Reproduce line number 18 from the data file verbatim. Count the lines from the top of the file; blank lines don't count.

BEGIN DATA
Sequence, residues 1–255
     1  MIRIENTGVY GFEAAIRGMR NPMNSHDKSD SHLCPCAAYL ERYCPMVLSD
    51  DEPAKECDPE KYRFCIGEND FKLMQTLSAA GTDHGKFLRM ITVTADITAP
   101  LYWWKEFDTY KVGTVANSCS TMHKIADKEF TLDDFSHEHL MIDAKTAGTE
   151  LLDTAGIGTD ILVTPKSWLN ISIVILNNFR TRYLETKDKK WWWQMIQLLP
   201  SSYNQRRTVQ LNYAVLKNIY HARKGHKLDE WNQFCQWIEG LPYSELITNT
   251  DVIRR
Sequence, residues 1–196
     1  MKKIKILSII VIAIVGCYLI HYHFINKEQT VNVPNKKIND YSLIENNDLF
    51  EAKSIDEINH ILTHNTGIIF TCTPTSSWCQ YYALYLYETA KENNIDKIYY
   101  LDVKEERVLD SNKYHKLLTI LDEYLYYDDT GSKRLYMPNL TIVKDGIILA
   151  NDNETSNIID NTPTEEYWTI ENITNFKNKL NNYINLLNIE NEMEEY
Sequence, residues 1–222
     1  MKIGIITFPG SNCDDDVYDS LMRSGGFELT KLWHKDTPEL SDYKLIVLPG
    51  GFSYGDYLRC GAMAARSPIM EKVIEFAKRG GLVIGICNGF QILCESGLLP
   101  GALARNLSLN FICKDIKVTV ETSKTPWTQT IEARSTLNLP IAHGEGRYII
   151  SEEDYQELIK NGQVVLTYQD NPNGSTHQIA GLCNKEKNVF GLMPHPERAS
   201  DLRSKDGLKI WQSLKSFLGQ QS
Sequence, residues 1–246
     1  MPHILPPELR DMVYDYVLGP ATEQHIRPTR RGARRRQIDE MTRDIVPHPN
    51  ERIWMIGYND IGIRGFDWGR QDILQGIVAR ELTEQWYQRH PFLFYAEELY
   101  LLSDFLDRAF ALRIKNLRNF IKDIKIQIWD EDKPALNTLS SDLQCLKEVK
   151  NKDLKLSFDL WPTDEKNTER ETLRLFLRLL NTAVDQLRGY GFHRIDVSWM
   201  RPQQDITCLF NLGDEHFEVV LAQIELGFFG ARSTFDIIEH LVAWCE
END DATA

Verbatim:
   201  DLRSKDGLKI WQSLKSFLGQ QS